Journal of Advanced Research in Economics and Administrative Sciences, Volume 2, pp 23-39;

Purpose: The study aimed at examining the moderating effect of capital structure in the indirect relationship between institutional ownership and financial performance through corporate diversification of listed firms at the Nairobi securities in Kenya. Approach/Methodology/Design: Post positivist research paradigm and explanatory research design guided the study in which 35 listed firms from 2003 to 2017 were included. Findings: There was a significant interaction effect between capital structure and institutional ownership on financial performance through corporate diversification. The study extended market power theory by examining institutional ownership structure given that corporate diversification is not only a source of power to drive a firm’s performance. Practical Implications: Institutional investors provide equity capital that is collaborated with the firm’s capital structure. As a result, there exist sufficient resources to take on diversification strategy despite this translating to a smaller amount in terms of financial performance. The study had implications on Market timing theory which opines that market timing is a ‘first order determinant’ to aid in selecting a suitable form of financing given debt and equity. Ideally, the preferences of different owners in the firm would affect the choice between debt and equity financing. Originality/value: Investigation of the interaction effect between capital structure and institutional ownership on financial performance through corporate diversification.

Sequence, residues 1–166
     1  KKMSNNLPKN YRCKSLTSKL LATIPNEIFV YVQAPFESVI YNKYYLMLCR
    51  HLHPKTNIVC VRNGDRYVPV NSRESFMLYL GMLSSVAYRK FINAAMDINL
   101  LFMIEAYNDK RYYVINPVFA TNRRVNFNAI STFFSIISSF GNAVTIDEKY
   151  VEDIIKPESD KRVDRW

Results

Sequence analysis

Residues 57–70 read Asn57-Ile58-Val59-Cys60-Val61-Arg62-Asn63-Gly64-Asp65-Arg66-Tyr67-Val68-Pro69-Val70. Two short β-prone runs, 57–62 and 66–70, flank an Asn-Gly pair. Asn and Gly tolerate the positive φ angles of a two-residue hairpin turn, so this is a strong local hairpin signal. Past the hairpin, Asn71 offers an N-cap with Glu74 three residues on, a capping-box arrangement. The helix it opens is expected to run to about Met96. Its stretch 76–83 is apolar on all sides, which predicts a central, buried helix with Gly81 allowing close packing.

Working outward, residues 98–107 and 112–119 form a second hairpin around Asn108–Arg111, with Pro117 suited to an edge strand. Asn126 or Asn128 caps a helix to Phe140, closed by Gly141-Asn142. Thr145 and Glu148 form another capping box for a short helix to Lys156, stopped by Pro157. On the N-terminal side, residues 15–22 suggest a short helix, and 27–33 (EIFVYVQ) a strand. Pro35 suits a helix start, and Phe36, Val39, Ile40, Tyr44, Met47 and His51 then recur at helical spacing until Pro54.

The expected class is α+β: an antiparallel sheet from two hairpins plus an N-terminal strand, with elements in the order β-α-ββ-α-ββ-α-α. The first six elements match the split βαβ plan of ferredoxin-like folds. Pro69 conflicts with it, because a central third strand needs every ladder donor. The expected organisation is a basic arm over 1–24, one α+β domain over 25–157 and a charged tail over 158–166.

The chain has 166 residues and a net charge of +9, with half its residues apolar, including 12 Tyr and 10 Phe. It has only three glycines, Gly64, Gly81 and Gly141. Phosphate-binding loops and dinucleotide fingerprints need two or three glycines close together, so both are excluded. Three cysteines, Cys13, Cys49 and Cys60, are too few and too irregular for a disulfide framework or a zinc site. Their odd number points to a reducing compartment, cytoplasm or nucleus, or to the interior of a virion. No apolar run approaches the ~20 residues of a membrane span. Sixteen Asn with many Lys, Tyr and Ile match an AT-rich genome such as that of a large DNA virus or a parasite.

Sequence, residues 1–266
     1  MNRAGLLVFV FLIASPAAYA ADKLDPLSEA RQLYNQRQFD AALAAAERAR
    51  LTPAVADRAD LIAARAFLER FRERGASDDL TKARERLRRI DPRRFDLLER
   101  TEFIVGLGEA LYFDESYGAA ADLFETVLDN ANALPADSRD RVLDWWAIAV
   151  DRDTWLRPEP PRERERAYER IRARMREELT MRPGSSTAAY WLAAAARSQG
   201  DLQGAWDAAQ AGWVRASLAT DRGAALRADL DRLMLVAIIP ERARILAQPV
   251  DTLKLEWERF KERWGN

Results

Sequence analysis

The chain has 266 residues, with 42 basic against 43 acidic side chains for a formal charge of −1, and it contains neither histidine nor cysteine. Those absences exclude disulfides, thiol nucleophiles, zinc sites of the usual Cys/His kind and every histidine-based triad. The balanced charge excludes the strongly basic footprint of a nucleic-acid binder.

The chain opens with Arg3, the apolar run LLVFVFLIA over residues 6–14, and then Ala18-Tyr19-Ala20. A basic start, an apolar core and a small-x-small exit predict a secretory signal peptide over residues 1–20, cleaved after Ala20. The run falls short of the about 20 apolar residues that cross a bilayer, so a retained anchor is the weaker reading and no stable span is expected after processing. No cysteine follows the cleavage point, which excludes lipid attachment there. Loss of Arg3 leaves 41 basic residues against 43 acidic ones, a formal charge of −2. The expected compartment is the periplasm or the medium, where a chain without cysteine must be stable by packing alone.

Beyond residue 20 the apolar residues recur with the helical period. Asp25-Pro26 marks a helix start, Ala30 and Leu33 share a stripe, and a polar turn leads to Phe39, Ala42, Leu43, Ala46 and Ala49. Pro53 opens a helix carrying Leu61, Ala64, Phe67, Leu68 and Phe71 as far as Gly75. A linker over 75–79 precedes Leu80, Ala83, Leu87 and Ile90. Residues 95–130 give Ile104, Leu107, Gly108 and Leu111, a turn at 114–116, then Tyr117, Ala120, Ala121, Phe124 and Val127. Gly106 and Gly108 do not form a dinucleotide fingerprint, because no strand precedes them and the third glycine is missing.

Arunmozhi M, Sumandiran C.S.P
Journal of Advanced Research in Economics and Administrative Sciences, Volume 2, pp 40-54;

Purpose: The current study examines the perception level of environmental-oriented CSR practices among the employees of small-medium enterprises in the Coimbatore district of Tamil Nadu, India. Approach/Methodology/Design: It is a cross-sectional field study of environment CSR practices among SMEs employees of Coimbatore district, the western part of Tamil Nadu, India. A multistage random sampling technique is adopted. Sixty-one firms were approached to study the employees’ perception of CSR and environmental impact on CSR. The sample included 369 participants out of the total population of 9027 employees. This study follows the research methodology based on the Eco-labeling principles, designed by the European Commission 2005 Descriptive analysis, Chi-square test, Bartlett sphericity statistical tests, and Structural Equation Modeling in AMOS version 23 were used.. Findings: The results indicate the significance of SMEs employees’ perception level according to their age, gender and experience. The results reveal that CSR practices towards environments are related to employee perception level. CSR practices play a very predominant role in changing the mindset of the employees working in small-medium enterprises. Practical Implications: This study also paves a way to diverse thoughts in the exploration of the multimodal dimensions of the internal aspects and external CSR practices. Originality/value: The analysis presents the main directions of pro-environmental initiatives undertaken by enterprises and the perception of employees to understand environmental CSR. The results also indicate the differences in the most frequent pro-environmental activities of enterprises operating in the Coimbatore district of Tamil Nadu, India.
Mugaahed Abdu Kaid Saleh, Manjunath K.R.
Journal of Advanced Research in Economics and Administrative Sciences, Volume 2, pp 1-22;